Ms. Netrebko, who lives in Vienna, had been in Russia since the start of September, Mr. Berin said. She performed with pianist Denis Matsuev, among others, in Moscow on Sept. 2. Then, on Sept. 6 and 8, she appeared at the Bolshoi in two performances of Verdi’s “Don Carlo,” the first opera at the venue since it was shuttered in March because of the pandemic.
The Bolshoi immediately tested those who had been in close contact with Mr. Abdrazakov, Katya Novikova, a spokeswoman for theater, said in a telephone interview. That included all of the other soloists in “Don Carlo,” as well as employees working in makeup and wardrobe. Three tested positive and were ordered to isolate for two weeks, Ms. Novikova said, but Ms. Netrebko was not among them.
Mr. Berin said that Ms. Netrebko had been tested “several times” after the Bolshoi outbreak and had been negative each time. The virus was confirmed only when she was at the hospital, he added.
Ms. Netrebko used the Instagram post largely to defend her decision to go to back to work. “I had two choices,” she wrote: to “stay at home and be afraid of getting infected” or “start working, traveling around, performing at the risk of getting sick.”
“I unconditionally chose 2 and do not regret anything,” she said.
Those infections occurred despite the ballet’s adopting a wide range of measures to keep staff members safe, such as regular testing, temperature checks and mandatory mask wearing. Similar safety measures were in place at the Bolshoi, Ms. Novikova said, though regular testing is not.
Other countries in Europe have also seen outbreaks since performances resumed. In Austria, the health authorities reported a cluster of 46 infections after an operetta performance by students at the Vienna Music and Arts University early this month.
Among those infected was a member of the Vienna State Opera who was at the event, Bernhard Mayer-Rohonczy, a spokesman for the university, said in a telephone interview. Two other State Opera employees became infected in a rehearsal with that person, the opera company said in a statement, and all three have been in quarantine since.
But regardless of the outbreaks, it seems activity is unlikely to slow down. Ms. Novikova of the Bolshoi said that the theater was doing all it could to keep people safe, but that singers and musicians “really want to work.”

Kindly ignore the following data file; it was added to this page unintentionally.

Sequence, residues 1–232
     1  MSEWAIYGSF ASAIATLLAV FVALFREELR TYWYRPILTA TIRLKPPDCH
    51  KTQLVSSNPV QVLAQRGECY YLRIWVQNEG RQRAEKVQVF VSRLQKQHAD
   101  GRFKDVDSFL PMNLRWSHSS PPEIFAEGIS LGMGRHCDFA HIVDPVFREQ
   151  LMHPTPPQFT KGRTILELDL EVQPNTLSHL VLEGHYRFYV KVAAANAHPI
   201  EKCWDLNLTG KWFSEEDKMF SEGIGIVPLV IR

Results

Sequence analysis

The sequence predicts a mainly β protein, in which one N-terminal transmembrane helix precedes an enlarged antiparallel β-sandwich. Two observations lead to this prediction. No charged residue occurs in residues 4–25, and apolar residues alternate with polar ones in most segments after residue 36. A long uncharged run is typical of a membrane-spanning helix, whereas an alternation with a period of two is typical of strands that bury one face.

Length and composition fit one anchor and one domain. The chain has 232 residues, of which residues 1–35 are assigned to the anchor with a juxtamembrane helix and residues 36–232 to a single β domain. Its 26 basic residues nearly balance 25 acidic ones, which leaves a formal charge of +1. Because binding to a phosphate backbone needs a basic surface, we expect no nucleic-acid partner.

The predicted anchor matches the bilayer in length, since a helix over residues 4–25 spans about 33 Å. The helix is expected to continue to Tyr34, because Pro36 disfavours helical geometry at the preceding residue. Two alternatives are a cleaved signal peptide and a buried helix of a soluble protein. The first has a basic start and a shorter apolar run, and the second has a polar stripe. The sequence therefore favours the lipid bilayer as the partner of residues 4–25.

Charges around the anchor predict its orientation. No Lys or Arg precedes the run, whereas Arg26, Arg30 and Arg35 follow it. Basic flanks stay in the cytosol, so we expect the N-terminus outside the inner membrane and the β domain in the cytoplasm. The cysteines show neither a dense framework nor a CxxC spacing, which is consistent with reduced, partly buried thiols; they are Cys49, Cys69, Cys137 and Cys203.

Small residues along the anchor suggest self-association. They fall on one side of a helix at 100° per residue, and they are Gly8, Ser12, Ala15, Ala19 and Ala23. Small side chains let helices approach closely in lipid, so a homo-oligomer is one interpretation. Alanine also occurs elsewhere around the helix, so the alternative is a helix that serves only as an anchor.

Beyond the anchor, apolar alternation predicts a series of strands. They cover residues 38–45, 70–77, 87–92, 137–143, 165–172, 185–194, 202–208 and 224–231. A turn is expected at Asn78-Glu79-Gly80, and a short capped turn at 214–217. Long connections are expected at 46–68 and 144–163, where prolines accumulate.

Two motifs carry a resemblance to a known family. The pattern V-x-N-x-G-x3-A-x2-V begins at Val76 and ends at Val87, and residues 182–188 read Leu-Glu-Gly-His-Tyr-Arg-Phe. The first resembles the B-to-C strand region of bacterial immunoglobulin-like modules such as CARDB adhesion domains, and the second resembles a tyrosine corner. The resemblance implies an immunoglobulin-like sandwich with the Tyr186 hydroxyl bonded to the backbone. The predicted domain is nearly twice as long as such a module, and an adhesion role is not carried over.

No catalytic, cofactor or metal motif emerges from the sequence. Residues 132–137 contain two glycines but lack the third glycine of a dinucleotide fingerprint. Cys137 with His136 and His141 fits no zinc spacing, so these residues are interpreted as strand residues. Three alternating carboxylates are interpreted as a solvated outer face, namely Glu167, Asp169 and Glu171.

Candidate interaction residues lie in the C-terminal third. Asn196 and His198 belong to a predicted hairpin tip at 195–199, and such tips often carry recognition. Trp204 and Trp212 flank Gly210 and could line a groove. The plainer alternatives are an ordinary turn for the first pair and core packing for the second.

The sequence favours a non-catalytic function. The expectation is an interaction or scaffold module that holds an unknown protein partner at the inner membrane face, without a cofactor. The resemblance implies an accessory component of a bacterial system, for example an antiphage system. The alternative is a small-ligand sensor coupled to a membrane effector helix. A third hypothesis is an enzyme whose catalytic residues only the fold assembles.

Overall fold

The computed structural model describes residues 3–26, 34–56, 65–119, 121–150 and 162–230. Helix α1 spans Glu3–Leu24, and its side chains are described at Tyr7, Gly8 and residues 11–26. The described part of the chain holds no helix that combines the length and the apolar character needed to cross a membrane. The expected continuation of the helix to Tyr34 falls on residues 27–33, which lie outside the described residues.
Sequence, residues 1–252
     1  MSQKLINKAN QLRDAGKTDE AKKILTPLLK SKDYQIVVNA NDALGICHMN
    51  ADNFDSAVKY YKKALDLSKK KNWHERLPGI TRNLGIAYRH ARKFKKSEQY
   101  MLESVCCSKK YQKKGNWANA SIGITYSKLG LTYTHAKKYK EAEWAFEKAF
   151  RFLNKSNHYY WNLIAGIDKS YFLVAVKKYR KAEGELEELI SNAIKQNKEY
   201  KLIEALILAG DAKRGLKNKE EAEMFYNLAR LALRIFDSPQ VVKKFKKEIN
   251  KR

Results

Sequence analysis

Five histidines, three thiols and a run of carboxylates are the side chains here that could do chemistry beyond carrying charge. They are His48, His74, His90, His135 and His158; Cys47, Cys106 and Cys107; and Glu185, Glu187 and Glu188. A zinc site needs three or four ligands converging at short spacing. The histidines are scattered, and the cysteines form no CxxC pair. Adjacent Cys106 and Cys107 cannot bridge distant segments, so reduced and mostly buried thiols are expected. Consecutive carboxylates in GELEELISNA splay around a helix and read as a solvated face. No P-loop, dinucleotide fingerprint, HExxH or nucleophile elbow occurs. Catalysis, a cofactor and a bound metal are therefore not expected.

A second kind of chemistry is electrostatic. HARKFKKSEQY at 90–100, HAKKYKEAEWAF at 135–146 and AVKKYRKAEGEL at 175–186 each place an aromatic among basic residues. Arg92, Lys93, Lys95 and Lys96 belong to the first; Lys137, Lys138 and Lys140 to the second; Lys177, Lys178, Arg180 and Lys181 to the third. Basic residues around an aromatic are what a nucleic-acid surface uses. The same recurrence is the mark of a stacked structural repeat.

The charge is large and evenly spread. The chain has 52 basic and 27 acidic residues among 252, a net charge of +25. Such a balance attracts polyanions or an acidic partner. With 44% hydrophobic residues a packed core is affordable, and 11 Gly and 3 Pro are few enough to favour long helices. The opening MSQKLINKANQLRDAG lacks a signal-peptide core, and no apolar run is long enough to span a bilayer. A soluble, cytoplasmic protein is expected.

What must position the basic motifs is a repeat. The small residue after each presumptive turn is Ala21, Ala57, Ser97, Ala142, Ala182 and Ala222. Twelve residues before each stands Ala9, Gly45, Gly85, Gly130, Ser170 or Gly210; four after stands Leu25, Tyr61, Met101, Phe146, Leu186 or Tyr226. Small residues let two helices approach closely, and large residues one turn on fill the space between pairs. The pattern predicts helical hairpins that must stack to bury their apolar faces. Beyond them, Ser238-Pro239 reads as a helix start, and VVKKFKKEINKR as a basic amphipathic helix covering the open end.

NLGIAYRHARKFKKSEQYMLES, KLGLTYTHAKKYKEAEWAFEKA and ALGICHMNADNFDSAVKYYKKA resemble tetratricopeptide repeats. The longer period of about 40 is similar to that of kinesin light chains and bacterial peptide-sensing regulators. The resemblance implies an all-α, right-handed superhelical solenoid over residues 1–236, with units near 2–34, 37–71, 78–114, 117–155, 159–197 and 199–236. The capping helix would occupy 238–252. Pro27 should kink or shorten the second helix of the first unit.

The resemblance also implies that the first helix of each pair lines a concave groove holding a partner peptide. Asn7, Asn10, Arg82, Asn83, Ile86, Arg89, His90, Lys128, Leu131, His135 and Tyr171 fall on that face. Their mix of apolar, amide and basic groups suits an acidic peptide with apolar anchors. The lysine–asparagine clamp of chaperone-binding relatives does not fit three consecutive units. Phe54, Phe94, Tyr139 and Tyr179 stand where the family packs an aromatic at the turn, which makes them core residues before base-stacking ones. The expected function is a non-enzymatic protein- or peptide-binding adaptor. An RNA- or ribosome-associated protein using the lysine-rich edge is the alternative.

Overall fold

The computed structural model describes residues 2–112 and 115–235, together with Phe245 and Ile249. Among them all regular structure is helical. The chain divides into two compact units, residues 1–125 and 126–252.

“We can’t wait, sitting at home,” she said.
In her Instagram post, Ms. Netrebko seemed to agree. Her next performance is scheduled for Oct. 1. “Do not worry!” she wrote. “You won’t take me so easily.”
Kevin Sheehan has explained why Collingwood’s Isaac Quaynor received the Round 17 Rising Star nomination over Adelaide’s Lachie Sholl.
Several Crows players were left stunned by Sholl’s snub after he amassed 24 disposals, eight score involvements, 627 metres gained and two goals in the win over Carlton.
Many expected the seven-game Crow to be nominated following his breakout performance, but Sheehan says it was Quaynor’s “body of work” that swayed the Rising Star panel.
The emerging Magpie had 17 disposals at 88.2 per cent efficiency along with seven marks and seven intercepts in the finals-clinching victory against Gold Coast.
“We’ve got a panel: Brad Scott, Brad Johnson, Chris Johnson and ultimately, I’m looking at every single game, Steve Hocking is a selector and we’ll go to him with a recommendation,” Sheehan told SEN’s Dwayne’s World.
“But late in the year – and that’s the point – in fact the last four or five rounds, the year to date, the body of work is weighted far greater than the performance just in the round.
“Because our ultimate aim this year is to get the most worthy 18 Rising Star nominations through to the panel of All-Australian selectors that then vote 5-4-3-2-1, and he (Quaynor) was second in our voting on a weekly basis to Noah Anderson back on Round 7.
“He then had some injuries and again on another occasion he was second or third, so he was right up there with his year to date, his body of work.
“And Lachie Sholl, it was a breakout game and a fantastic game, it was his seventh game at this point.
“He could have got it, it was close, but it wasn’t unanimous.
“In the finish, the body of work of Isaac Quaynor won the day. I appreciate all the passion people show for their own players.
“A tight vote, but that’s the way it went this week.”
Melbourne Rebels and Wallabies playmaker Matt Toomua has replaced former Waratahs hooker Damien Fitzpatrick as the president of the Rugby Union Players’ Association.
Toomua, 30, said it was a “great privilege” to be his teammates’ primary representative for the players’ union.
“As someone who has heavily benefited from the work done in the past by former players and RUPA delegates, I am very honoured to have this opportunity to assist our players and the game,” Toomua said.
“We are fortunate to have some great experience in current and past players, along with industry experts guiding our journey. We will need all this experience as we navigate our way through these challenging times.”